from The American Heritage® Dictionary of the English Language, 4th Edition
- n. An English noblewoman or gentlewoman.
- n. Used as a form of address for such a woman.
- n. A chic or fashionable woman.
from Wiktionary, Creative Commons Attribution/Share-Alike License
- n. A noblewoman or gentlewoman; the form of address to such a person.
from the GNU version of the Collaborative International Dictionary of English
- n. Lit., my lady; hence (as used on the Continent), an English noblewoman or gentlewoman.
from The Century Dictionary and Cyclopedia
- n. Same as miladi.
from WordNet 3.0 Copyright 2006 by Princeton University. All rights reserved.
- n. an English noblewoman
After hearing him inadvertently call her "milady," she realizes he was the young servant boy she knew as a child.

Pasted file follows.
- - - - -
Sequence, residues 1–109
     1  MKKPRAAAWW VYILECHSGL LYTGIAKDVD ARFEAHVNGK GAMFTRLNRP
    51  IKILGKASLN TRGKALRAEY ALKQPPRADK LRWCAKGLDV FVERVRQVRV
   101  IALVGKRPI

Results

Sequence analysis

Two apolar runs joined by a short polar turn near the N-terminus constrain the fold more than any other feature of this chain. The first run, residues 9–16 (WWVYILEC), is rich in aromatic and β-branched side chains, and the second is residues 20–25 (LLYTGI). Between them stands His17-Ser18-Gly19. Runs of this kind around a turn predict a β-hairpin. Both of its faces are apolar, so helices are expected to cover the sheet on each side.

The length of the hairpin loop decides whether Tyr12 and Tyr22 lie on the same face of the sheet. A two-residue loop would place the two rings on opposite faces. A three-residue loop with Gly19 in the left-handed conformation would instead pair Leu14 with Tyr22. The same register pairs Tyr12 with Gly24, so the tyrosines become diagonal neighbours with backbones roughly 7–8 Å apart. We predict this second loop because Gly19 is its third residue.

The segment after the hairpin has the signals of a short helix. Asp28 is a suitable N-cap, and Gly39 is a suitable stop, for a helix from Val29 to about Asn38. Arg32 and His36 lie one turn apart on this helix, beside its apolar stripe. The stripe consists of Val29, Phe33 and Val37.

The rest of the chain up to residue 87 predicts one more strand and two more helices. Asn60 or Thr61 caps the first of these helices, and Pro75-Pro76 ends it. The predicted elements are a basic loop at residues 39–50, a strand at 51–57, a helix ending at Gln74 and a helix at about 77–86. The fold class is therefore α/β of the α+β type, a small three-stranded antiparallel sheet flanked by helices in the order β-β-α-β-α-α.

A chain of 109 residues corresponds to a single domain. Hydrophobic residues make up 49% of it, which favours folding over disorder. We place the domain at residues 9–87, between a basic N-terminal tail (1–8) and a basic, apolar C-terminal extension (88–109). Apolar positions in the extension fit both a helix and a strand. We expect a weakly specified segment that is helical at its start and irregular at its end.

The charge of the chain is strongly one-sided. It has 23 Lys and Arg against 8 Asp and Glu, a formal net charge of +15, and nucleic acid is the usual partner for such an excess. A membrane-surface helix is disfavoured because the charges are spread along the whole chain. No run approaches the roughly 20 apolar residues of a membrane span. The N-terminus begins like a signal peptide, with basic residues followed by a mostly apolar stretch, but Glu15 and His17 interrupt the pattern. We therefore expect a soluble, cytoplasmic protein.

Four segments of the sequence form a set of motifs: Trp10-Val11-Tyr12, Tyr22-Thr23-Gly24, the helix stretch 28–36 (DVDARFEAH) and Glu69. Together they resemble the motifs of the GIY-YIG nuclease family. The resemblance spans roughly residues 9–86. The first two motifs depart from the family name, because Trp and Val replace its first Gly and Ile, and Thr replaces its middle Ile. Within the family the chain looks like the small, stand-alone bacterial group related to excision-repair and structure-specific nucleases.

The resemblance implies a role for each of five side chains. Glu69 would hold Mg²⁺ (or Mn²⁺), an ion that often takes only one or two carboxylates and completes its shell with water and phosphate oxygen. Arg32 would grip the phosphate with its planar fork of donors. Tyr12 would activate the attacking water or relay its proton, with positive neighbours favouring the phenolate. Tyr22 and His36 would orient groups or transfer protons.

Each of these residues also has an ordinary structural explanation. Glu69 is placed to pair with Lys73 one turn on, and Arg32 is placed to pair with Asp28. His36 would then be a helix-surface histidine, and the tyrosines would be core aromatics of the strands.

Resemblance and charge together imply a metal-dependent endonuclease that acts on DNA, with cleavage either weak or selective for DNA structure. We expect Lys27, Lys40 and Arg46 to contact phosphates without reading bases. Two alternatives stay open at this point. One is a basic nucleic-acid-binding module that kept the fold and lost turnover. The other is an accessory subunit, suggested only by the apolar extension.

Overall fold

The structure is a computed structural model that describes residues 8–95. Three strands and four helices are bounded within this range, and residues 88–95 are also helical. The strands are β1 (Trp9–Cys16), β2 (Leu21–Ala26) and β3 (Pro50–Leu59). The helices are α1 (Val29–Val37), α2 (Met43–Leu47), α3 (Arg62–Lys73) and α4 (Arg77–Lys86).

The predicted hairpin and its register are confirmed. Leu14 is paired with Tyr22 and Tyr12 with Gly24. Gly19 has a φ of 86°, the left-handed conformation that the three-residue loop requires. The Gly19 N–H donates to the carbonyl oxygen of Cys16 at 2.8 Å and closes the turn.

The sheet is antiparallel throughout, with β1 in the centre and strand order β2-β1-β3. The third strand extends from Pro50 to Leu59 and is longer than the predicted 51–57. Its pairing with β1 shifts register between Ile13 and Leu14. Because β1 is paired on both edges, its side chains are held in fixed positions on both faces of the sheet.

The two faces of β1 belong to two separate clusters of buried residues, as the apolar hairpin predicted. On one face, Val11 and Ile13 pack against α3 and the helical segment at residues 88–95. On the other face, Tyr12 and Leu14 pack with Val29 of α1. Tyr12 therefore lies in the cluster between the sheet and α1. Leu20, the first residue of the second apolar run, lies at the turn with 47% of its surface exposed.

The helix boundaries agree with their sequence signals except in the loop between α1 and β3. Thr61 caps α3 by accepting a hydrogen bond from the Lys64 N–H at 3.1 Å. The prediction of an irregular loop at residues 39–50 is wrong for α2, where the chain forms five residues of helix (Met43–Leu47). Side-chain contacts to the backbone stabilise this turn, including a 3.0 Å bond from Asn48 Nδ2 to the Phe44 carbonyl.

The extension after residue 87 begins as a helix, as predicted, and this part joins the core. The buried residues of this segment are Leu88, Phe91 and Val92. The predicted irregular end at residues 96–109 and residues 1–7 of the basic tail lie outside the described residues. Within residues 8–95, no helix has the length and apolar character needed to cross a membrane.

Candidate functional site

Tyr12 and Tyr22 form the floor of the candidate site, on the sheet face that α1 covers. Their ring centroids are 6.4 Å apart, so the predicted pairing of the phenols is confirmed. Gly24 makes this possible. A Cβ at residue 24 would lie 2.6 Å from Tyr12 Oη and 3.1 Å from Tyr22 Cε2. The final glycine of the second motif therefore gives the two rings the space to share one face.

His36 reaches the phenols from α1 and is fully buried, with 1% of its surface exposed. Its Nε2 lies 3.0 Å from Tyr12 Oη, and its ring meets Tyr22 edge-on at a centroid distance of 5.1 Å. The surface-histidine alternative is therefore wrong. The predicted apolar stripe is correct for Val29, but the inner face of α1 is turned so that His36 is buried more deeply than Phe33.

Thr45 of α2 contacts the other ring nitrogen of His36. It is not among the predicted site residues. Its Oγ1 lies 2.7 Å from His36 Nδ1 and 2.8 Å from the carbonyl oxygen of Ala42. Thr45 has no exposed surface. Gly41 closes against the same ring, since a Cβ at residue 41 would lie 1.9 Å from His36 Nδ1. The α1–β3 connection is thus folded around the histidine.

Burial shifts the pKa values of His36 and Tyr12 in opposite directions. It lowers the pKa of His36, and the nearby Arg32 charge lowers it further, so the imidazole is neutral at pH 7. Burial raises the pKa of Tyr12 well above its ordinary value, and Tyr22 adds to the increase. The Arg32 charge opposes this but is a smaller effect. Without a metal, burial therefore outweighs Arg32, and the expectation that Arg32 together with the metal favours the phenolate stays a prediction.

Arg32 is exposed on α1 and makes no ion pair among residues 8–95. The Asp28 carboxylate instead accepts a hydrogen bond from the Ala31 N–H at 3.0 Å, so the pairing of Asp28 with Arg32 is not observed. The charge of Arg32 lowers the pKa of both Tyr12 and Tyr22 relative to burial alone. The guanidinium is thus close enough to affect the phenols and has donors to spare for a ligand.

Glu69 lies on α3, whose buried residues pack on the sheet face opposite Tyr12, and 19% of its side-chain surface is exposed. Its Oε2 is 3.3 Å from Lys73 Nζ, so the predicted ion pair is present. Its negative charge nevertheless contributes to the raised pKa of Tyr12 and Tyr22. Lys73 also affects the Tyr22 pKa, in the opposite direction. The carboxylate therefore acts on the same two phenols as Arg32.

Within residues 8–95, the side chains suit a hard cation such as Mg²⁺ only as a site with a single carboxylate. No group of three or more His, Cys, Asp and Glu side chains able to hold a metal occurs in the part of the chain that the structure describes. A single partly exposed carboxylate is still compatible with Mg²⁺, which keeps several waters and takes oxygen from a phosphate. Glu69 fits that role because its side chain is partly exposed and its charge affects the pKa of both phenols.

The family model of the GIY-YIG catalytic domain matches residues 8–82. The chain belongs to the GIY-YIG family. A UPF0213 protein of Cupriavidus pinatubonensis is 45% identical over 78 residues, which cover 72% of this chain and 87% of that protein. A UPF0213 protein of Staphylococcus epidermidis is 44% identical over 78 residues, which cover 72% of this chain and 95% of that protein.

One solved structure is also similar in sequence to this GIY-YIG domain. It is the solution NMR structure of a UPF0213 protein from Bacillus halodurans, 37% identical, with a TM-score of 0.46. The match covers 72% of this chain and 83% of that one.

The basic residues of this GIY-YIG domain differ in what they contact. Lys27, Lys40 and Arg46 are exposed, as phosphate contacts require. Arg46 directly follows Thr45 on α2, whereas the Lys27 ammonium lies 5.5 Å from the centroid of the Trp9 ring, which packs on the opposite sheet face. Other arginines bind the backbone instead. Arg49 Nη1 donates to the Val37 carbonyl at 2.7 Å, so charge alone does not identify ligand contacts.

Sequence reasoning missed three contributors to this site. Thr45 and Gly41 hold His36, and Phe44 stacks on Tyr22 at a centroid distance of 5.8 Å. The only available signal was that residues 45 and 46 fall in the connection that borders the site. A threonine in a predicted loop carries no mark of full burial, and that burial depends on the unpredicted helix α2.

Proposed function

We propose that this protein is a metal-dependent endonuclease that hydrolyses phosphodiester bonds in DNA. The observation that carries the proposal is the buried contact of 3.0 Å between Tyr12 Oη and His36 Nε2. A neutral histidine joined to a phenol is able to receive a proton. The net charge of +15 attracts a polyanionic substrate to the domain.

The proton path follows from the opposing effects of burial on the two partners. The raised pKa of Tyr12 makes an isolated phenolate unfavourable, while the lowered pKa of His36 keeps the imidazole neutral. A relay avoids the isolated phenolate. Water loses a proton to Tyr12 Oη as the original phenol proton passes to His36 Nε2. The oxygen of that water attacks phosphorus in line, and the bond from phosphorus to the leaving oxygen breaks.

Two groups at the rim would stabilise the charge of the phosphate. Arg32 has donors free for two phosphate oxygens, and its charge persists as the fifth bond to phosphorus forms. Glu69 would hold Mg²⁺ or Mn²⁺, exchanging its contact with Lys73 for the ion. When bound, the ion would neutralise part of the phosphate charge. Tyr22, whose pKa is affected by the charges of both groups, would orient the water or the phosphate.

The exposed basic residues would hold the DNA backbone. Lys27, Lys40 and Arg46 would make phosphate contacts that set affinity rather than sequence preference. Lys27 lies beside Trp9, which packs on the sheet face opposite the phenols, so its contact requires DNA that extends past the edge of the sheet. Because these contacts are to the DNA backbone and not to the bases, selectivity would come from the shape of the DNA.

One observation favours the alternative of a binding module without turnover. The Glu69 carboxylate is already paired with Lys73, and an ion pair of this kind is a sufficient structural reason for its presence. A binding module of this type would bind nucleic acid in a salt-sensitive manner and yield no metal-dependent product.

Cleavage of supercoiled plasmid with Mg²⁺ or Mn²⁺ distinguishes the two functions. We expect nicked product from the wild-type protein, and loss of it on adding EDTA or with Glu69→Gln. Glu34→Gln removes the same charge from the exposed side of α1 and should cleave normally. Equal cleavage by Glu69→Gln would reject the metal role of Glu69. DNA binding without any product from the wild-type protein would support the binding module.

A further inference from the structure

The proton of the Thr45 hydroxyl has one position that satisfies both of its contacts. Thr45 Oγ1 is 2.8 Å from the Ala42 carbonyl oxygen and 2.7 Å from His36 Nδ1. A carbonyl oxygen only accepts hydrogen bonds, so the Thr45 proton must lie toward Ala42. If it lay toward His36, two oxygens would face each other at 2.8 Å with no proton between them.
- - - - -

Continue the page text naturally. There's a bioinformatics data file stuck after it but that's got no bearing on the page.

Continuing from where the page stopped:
“I shall be but a moment, milady, while I converse with the good knight,” he explained.
Or if milady has all the perfume she needs, an alternative gift worth considering is a pair of brief lace and mesh throng panties at Madison Avenue's La Perla.
We get to the corner, where we part, and he takes his turn without so much as a “milady.”
“A prosperous evening to you, milady,” Z says to Mrs. Smithe.
THOR: But milady Jane is in the midst of getting her hair permed!
THOR: Nay, milady, thou must have me confused with some other godling.
“The ladies of the court wear far lower and far more revealing bodices than yours, milady.”
“You stand in danger of becoming unbound, milady.”
Your husband has already branded you a liar and worse, milady.